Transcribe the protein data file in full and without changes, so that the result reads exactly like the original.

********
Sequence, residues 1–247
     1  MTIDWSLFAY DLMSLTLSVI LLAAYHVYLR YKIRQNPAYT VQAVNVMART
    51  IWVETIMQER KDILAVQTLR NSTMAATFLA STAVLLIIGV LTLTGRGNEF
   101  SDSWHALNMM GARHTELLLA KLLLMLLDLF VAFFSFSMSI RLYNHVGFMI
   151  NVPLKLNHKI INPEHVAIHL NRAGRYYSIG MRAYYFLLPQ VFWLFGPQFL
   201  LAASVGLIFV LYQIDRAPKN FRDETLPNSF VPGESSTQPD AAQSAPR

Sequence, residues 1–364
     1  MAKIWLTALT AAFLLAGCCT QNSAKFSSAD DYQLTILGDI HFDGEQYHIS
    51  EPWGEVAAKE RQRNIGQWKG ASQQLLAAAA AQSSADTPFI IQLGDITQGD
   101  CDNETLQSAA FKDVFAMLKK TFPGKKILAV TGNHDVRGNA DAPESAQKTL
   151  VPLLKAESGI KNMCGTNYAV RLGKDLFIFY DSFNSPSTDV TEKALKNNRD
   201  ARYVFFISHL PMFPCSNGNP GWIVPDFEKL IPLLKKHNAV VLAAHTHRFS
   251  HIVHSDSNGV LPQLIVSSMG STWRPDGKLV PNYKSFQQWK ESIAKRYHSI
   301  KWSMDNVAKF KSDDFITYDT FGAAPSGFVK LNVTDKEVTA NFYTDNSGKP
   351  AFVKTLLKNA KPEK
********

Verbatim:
Sequence, residues 1–247
     1  MTIDWSLFAY DLMSLTLSVI LLAAYHVYLR YKIRQNPAYT VQAVNVMART
    51  IWVETIMQER KDILAVQTLR NSTMAATFLA STAVLLIIGV LTLTGRGNEF
   101  SDSWHALNMM GARHTELLLA KLLLMLLDLF VAFFSFSMSI RLYNHVGFMI
   151  NVPLKLNHKI INPEHVAIHL NRAGRYYSIG MRAYYFLLPQ VFWLFGPQFL
   201  LAASVGLIFV LYQIDRAPKN FRDETLPNSF VPGESSTQPD AAQSAPR

Sequence, residues 1–364
     1  MAKIWLTALT AAFLLAGCCT QNSAKFSSAD DYQLTILGDI HFDGEQYHIS
    51  EPWGEVAAKE RQRNIGQWKG ASQQLLAAAA AQSSADTPFI IQLGDITQGD
   101  CDNETLQSAA FKDVFAMLKK TFPGKKILAV TGNHDVRGNA DAPESAQKTL
   151  VPLLKAESGI KNMCGTNYAV RLGKDLFIFY DSFNSPSTDV TEKALKNNRD
   201  ARYVFFISHL PMFPCSNGNP GWIVPDFEKL IPLLKKHNAV VLAAHTHRFS
   251  HIVHSDSNGV LPQLIVSSMG STWRPDGKLV PNYKSFQQWK ESIAKRYHSI
   301  KWSMDNVAKF KSDDFITYDT FGAAPSGFVK LNVTDKEVTA NFYTDNSGKP
   351  AFVKTLLKNA KPEK